Monday, August 6, 2012

Scary Games: F.E.A.R. vs. Dead Space

I bought a lot of games during this most recent Steam Sale, and many of them were in genres I never thought I liked or just never got into. Deus Ex: Human Revolution has re-affirmed that I indeed still do not like stealth mechanics, but that's a topic for another article. Instead, I'll talk about horror shooters. Specifically, F.E.A.R. and Dead Space.

I finished F.E.A.R. a few weeks ago and I'm about a third of the way into Dead Space. Clearly, I am not a veteran of either franchise, but it was a genre that interested me. Now, I can see that grouping these two games together under the same "genre" only really works as far as "shooter". The two have a similar goal in mind: scare the player. They go about it completely differently, and with varying degrees of success.

The Plan

It's important to separate what it seems that each game was intending to do from what each game actually successfully accomplished, because they are not the same. Each has its own individual downsides.

F.E.A.R. went for a subtle creepy approach, in a sense. There's a creepy little girl who is clearly supernatural right from the early stages of the game. She generally appears when you are in a compromised position and can't react properly, such as when you're crouching through a tight space, descending a ladder, jumping down off a balcony, etc. It's a good idea, and it caught me off guard a few times and gave me the jitters.

Dead Space is a much more blatant in your face approach. There are horrific zombie/aliens that come in various shapes and sizes and jump out from behind corners and generally appear behind you when you're just starting to feel safe. They want you to always be on the edge of your seat, expecting a horrific alien appendage to begin brutalizing you from any direction at any time.

The Result

In F.E.A.R., the thing that they really overlooked in these creepy segments is that they are never really dangerous. The little girl appears, or you're briefly warped to a bloody hospital hallway, or a shadow realm, or whatever. They are intended to be scary, but they have the opposite effect after a while. There are a few minor exceptions (and one notable one), but really these sequences are the part of the game that started making me feel the most safe. "Oh, the little girl is around, that means there aren't any real enemies." I was free to explore at my leisure, with no real fear of anything bad happening to me.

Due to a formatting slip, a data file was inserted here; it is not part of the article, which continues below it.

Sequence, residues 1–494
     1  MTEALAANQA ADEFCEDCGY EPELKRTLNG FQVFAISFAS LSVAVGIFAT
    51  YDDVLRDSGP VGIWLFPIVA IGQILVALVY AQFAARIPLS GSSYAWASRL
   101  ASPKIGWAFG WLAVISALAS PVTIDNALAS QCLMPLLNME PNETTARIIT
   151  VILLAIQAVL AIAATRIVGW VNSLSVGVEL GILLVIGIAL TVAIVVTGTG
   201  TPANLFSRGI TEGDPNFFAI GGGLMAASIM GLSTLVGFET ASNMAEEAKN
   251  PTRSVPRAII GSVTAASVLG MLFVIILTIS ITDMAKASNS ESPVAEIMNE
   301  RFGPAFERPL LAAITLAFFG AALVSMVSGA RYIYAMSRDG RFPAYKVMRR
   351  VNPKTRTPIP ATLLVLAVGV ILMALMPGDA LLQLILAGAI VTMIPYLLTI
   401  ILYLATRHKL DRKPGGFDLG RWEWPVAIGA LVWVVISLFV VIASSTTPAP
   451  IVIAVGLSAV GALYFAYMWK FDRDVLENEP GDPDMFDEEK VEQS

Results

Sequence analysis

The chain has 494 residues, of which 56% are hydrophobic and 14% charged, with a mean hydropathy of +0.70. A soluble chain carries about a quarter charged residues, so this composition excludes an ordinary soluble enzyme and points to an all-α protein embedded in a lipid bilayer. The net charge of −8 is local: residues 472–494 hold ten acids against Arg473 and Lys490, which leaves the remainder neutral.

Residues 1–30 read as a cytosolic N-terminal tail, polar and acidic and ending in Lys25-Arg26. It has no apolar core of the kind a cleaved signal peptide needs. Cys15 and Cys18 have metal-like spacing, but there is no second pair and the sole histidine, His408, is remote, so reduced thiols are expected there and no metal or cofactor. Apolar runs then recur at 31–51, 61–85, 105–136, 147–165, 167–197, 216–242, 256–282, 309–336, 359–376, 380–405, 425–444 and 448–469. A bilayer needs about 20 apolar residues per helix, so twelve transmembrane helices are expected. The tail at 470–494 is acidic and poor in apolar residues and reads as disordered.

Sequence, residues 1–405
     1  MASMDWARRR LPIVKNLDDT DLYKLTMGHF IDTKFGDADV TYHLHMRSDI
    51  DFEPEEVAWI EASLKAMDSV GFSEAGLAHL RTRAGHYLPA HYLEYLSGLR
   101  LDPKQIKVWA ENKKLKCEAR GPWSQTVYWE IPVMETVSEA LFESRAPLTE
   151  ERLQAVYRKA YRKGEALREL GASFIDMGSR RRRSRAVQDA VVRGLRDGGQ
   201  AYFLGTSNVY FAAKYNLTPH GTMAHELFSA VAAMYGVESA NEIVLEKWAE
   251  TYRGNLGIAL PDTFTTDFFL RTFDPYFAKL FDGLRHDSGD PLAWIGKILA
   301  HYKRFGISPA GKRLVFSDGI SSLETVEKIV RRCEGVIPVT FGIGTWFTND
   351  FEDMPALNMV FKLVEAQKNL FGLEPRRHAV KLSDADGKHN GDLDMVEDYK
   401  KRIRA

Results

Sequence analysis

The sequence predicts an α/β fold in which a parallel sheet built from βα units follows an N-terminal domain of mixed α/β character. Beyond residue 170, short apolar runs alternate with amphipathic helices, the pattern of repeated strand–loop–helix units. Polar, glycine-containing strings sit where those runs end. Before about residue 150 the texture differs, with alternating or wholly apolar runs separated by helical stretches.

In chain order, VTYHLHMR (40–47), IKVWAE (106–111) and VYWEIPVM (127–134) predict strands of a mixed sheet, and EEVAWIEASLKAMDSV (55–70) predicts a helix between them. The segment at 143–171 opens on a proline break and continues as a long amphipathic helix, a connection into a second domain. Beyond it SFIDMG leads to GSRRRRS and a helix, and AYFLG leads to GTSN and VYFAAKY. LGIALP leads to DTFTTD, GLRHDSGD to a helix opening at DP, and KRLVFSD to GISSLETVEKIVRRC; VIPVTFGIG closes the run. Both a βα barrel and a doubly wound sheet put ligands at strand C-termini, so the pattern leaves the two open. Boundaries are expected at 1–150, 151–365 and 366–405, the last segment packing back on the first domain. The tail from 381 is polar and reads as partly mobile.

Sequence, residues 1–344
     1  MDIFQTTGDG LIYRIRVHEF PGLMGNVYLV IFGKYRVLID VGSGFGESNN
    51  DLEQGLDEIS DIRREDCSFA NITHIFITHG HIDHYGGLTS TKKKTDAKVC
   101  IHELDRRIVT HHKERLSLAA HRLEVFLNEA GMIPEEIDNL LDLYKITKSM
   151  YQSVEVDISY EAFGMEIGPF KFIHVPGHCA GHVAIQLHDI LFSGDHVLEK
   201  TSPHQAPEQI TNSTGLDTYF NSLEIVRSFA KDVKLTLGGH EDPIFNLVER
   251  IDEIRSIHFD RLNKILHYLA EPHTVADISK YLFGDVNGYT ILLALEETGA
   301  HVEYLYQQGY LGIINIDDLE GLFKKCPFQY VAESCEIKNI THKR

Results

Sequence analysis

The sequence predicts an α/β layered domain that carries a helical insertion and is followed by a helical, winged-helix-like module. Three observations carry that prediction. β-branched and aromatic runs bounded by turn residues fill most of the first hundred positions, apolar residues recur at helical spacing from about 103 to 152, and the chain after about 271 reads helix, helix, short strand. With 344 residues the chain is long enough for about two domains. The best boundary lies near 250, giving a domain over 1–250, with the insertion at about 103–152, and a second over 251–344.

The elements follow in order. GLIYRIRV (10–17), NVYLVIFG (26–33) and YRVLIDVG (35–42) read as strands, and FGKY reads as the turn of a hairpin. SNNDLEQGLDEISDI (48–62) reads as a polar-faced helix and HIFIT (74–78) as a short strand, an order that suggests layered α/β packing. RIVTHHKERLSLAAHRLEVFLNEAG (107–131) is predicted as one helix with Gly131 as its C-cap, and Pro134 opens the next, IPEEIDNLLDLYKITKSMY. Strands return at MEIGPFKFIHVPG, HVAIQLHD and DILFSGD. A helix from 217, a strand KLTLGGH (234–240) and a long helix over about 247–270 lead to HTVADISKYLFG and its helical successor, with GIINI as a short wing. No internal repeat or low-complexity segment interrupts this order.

Dead Space almost has the opposite problem. Nothing is sacred. There is no safe zone. I must be constantly vigilant because supplies are limited, and healing is expensive. I can't afford to take any damage or else I'm probably going to be screwed in the next area. It requires so much constant focus and concentration that I simply can't play for a long time at once. Every time a new type of enemy has been introduced, it has completely altered how I have to approach combat. Not in an Anomaly: Warzone Earth way where it just undermined all your previous efforts, but in a way that builds on what you know. It's great game design. It's just also intimidating given the rest of the atmosphere of the game, and it makes me put the game down and stop playing for a while.

Do I even Like the Genre?

Honestly, I don't know. I finished F.E.A.R., but I kind of blitzed through the end because I was getting bored. The gameplay wavered between the borderline silly "creepy" segments and the borderline brutal "combat" segments in a way that really had no intelligible flow. The overall experience was forgettable, and hopefully something that is remedied in the sequels (although hearsay reports that I should keep my expectations low).

I haven't finished Dead Space, but I don't know if I have the willpower to do it. The controls for PC are atrocious (the worst I've experienced in any game in my entire history of gaming), which makes it difficult to go back and play when I have smoother alternatives like Deus Ex: Human Revolution beckoning. I feel like each of these games has good ideas, but there needs to be some balance struck between the two.

And for the love of sanity, Dead Space, why would you not allow saving at any time in a modern game? I thought we were past this. Another article for another day, though. I should really make a list of these somewhere.


If you're going to pick up one of these games, get Half-Life 2 instead. It mixes all the elements mentioned here in a game that has proper flow. You're not constantly on the edge of your seat, expecting something bad to happen to you at any turn, but you are sometimes. The game successfully mixes puzzle solving segments with action sequences and fast zombies in a way the other two games just couldn't emulate.

1 comment:

  1. Thanks for the tips and experience, but I am 12 and I've finished Dead Space 1. The trick is using the XBOX 360, the playing to me is scary. Went through a lot of $*1* creeps to finish the game. Stay in corners, you'll have protection from your behind (unless if a vent is behind you), and there's less dangerous angles of hostility for you to worry about. And the aiming gets easy for the 360. But to finish the game, for my advice, just "suck it up," and think about what the hardcore friends will say to you.